or a posterior surgical approach using Sofamor Danke's posterior approach
bone dowel instrumentation are contemplated.
 The present invention also includes methods for fusing adjacent
vertebrae. The spine may be approached from any direction indicated by
the circumstances. The vertebrae and the intervertebral space are
prepared according to conventional procedures to receive the spacer. A
spacer of the appropriate dimensions is selected by the surgeon, based on
the size of the cavity created and the needs of the particular patient
undergoing the fusion. The spacer is mounted on an instrument, preferably
via an instrument attachment hole. In one embodiment, an osteogenic
material is placed within the chamber of the spacer and the channel and
or mouth of the spacer is then blocked with an occlusion member of the
instrument. The spacer is then inserted into the cavity created between
the adjacent vertebra to be fused. The spacer is oriented within the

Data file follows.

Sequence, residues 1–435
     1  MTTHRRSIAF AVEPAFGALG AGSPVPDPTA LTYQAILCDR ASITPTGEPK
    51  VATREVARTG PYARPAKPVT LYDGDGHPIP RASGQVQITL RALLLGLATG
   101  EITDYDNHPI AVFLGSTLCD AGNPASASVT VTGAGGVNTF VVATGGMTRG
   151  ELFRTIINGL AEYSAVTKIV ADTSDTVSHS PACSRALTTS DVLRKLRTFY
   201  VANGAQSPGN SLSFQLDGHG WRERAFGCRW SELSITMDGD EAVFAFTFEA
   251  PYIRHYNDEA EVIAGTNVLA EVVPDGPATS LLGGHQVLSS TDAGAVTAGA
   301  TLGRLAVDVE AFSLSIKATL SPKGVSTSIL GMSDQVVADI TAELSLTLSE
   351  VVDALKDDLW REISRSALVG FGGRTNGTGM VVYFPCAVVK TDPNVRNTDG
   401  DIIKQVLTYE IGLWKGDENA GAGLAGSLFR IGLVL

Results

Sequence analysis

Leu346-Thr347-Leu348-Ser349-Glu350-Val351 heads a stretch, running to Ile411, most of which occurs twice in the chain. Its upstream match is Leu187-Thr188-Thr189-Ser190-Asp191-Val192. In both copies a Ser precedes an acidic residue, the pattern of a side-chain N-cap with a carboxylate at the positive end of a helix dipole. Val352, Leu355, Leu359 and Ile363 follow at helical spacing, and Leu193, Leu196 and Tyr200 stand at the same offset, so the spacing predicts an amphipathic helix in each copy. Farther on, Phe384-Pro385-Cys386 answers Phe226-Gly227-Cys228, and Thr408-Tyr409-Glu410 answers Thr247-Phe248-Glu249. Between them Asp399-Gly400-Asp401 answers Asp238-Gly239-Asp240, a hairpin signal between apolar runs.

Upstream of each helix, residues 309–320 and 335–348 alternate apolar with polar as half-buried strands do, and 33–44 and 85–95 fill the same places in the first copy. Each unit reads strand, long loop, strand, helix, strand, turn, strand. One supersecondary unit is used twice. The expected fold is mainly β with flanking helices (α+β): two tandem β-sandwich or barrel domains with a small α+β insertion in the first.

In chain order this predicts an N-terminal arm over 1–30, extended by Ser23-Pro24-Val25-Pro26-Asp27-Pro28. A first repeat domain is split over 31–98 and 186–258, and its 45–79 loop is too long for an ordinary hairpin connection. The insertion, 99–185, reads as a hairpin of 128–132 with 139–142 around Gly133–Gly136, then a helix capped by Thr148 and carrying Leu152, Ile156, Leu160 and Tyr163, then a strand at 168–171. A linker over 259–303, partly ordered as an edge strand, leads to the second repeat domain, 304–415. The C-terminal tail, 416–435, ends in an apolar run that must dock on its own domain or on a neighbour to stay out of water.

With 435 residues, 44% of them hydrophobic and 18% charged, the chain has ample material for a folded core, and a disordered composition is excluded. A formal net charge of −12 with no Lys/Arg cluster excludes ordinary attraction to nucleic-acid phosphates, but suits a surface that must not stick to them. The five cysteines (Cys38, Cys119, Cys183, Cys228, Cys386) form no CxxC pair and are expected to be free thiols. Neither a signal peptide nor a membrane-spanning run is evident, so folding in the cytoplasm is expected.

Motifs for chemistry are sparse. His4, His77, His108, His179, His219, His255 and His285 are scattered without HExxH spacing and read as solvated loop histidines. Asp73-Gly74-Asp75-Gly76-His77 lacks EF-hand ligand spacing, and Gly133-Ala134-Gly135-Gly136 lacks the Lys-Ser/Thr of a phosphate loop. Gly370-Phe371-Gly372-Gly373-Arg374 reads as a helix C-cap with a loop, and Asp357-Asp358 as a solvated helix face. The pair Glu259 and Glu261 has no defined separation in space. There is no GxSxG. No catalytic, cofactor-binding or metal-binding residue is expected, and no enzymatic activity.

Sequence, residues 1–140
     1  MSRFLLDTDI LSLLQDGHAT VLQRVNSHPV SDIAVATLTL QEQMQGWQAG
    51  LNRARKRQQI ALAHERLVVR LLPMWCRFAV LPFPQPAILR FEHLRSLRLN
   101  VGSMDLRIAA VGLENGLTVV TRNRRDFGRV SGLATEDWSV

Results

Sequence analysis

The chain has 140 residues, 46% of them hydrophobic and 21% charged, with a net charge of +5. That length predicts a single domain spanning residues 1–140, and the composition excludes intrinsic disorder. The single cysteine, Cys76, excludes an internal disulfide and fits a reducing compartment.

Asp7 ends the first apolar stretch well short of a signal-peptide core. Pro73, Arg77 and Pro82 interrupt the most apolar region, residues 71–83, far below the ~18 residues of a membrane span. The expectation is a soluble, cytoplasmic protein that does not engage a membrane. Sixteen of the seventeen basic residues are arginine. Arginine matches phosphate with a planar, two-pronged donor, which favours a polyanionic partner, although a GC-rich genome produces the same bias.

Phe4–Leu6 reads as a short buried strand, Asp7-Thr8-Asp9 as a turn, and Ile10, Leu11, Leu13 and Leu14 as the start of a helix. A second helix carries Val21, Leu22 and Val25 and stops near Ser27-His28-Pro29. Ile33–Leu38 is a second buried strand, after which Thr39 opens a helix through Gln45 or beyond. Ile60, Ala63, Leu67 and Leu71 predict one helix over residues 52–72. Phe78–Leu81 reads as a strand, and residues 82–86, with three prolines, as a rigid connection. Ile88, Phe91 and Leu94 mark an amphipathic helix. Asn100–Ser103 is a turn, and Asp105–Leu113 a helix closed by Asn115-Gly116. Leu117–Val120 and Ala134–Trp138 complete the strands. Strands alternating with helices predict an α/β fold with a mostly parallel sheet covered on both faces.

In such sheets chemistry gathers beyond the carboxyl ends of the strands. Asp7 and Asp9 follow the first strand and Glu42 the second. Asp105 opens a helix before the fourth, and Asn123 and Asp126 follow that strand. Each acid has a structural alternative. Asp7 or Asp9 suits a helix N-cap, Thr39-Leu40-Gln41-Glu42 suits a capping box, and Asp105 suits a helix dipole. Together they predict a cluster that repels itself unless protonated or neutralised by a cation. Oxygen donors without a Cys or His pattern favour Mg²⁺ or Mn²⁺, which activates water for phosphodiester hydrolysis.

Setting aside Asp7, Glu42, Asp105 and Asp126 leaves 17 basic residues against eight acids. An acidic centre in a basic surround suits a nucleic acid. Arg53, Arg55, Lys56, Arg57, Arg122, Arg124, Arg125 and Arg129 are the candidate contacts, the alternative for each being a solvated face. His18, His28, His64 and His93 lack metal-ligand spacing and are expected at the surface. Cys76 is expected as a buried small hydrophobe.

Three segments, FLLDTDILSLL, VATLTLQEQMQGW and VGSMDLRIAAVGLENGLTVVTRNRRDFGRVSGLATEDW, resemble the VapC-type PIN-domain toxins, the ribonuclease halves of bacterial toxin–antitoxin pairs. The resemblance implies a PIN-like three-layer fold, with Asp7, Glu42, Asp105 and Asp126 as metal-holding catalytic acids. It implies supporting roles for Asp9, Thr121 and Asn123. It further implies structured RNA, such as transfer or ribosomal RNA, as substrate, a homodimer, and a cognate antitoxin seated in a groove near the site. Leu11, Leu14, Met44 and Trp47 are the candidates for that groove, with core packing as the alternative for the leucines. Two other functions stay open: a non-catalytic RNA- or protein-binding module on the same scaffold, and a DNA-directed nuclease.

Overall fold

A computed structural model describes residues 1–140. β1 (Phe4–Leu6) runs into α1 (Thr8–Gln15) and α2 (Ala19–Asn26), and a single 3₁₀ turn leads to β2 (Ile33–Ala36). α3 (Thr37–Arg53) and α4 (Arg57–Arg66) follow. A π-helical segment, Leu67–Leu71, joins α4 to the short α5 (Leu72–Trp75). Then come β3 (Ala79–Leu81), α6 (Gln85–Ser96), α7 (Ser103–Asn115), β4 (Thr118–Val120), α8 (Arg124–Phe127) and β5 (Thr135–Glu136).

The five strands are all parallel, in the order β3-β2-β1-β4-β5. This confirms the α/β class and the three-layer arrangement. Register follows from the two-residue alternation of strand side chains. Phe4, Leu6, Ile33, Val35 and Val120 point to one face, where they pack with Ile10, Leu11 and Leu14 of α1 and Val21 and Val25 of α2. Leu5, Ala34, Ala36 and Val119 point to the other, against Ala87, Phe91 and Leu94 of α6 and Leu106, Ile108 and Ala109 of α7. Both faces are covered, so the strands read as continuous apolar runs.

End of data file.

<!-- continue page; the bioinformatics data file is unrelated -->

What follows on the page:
intervertebral space so the osteogenic material in the chamber is in
communication with the end plates of the vertebra. Once the spacer is
properly oriented within the intervertebral space, the occlusion member
of the instrument can be withdrawn from the spacer aperture and the
spacer engager is disengaged from the spacer.
 In some embodiments, osteogenic material is packed into the chamber
through the channel after implantation. In still other embodiments, a
second spacer is implanted into the intervertebral space. FIG. 8 depicts
placement of two dowels of this invention implanted from an anterior
approach, while FIG. 9 shows bilateral placement of dowels from a
posterior approach. In each case the channel 526 opens adjacent the tool
engaging end 501' allowing access to the chamber 530' from either the
anterior or posterior approach.